Transport of a 1D viscoelastic actin-myosin strip of gel as a model of a crawling cell

Kamila Larripa, Alex Mogilner

Research output: Contribution to journalArticlepeer-review


Cell crawling is an important biological phenomenon because it underlies coordinated cell movement in morphogenesis, cancer and wound healing. This phenomenon is based on protrusion at the cell's leading edge, retraction at the rear, contraction and graded adhesion powered by the dynamics of actin and myosin protein networks. A few one-dimensional models successfully explain an anteroposterior organization of the motile cell, but don't sufficiently explore the viscoelastic nature of the actin-myosin gel. We develop and numerically solve a model of a treadmilling strip of viscoelastic actin-myosin gel. The results show that the strip translocates steadily as a traveling pulse, without changing length, and that protein densities, velocities and stresses become stationary. The simulations closely match the observed forces, movements and protein distributions in the living cell.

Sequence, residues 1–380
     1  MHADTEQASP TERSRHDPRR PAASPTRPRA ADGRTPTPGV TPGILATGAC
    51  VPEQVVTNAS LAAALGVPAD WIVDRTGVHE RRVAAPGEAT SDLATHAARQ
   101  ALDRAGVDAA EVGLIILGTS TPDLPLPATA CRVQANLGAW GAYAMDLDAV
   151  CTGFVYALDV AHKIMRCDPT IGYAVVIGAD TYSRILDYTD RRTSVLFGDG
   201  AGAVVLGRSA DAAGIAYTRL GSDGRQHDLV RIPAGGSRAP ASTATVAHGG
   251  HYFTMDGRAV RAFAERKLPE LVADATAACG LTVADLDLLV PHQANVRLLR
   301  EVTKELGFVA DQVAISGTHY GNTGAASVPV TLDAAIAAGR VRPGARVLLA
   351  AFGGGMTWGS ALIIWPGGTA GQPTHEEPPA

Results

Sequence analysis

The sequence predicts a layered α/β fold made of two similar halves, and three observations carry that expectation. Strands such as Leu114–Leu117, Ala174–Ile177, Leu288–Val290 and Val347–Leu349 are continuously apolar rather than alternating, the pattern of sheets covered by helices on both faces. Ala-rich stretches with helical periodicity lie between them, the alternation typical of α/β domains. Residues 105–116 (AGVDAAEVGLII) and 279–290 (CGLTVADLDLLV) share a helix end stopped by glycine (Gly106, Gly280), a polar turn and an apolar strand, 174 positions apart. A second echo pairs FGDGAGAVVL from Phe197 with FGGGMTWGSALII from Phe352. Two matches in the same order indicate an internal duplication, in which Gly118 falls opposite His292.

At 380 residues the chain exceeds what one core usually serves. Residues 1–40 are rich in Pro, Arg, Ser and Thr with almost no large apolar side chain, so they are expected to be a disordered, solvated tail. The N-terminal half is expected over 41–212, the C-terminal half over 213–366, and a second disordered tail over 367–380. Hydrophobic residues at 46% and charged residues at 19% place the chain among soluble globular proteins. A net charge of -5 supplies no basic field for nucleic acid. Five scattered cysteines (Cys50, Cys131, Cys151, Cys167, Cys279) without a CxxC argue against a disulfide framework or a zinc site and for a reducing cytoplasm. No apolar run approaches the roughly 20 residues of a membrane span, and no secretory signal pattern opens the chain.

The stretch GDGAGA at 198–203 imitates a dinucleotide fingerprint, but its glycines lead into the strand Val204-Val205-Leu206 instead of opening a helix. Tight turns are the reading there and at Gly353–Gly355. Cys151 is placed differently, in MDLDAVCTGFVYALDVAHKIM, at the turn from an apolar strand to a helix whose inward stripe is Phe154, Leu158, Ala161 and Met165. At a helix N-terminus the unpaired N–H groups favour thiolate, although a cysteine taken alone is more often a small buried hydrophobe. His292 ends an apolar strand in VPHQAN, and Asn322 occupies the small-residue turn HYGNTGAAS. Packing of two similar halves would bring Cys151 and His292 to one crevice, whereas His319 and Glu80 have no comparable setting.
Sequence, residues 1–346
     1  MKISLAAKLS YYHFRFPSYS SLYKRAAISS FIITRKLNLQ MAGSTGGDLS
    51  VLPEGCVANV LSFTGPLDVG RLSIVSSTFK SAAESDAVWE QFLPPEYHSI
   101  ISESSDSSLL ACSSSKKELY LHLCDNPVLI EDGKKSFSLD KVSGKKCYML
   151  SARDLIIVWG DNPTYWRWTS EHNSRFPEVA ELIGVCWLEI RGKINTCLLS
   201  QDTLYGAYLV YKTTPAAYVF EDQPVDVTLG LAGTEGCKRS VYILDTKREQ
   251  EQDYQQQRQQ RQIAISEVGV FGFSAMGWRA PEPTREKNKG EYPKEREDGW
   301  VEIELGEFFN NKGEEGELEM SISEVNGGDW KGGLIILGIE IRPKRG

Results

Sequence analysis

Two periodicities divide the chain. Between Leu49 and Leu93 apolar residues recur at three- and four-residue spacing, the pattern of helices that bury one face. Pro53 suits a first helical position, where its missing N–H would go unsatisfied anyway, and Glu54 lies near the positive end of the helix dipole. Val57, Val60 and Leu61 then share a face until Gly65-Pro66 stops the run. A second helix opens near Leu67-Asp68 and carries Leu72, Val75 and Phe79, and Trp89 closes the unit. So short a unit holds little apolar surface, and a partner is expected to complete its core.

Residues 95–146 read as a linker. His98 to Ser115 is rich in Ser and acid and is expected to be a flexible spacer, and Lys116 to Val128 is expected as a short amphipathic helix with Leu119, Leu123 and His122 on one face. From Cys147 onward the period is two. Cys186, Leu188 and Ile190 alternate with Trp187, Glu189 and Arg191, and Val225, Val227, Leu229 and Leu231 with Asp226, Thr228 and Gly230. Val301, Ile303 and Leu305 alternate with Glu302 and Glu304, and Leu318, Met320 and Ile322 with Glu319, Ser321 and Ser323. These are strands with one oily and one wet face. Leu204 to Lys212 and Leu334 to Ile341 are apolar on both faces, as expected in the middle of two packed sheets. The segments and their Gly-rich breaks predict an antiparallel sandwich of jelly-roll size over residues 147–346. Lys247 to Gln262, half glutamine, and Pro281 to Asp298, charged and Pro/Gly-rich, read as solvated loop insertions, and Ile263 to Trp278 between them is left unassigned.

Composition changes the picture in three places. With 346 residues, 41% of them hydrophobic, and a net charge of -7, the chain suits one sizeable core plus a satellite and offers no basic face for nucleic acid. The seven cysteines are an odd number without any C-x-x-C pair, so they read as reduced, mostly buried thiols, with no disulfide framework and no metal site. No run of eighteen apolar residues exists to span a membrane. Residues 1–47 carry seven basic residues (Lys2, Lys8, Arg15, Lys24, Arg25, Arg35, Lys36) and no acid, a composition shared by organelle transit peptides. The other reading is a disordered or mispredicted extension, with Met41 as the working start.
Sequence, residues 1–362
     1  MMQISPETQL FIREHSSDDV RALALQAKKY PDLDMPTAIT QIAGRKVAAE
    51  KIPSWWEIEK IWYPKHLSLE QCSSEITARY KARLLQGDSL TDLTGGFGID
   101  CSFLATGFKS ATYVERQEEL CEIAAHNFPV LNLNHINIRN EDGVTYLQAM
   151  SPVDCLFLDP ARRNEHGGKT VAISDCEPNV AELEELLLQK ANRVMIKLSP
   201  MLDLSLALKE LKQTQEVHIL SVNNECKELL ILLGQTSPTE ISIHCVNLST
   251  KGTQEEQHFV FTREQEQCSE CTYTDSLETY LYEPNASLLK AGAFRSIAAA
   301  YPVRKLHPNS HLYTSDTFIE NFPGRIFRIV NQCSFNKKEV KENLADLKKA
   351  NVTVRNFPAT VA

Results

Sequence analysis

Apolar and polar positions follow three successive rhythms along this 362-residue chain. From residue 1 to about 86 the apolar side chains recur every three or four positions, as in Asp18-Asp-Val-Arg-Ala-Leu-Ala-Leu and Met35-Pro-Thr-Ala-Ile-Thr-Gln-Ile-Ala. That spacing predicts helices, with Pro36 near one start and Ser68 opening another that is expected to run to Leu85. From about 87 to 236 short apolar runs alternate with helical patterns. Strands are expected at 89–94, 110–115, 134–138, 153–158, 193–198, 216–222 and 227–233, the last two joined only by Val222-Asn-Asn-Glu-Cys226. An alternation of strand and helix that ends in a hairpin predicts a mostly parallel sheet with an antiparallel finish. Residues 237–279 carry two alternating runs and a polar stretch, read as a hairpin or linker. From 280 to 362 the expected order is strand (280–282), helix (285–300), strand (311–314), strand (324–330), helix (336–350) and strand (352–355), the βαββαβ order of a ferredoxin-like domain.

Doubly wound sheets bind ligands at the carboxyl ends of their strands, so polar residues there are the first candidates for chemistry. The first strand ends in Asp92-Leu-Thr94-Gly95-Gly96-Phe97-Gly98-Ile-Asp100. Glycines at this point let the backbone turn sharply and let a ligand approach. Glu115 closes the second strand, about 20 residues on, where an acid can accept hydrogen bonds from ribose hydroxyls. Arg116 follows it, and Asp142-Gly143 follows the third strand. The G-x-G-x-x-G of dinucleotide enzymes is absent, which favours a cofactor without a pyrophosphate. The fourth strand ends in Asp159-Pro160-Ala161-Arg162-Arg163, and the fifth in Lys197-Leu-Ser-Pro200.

Original languageEnglish (US)
Pages (from-to)113-123
Number of pages11
JournalPhysica A: Statistical Mechanics and its Applications
Issue number1 SPEC. ISS.
StatePublished - Dec 1 2006


  • Actin
  • Cell motility
  • Lamellipodium
  • Myosin
  • Treadmilling
  • Viscoelastic

ASJC Scopus subject areas

  • Statistics and Probability
  • Condensed Matter Physics


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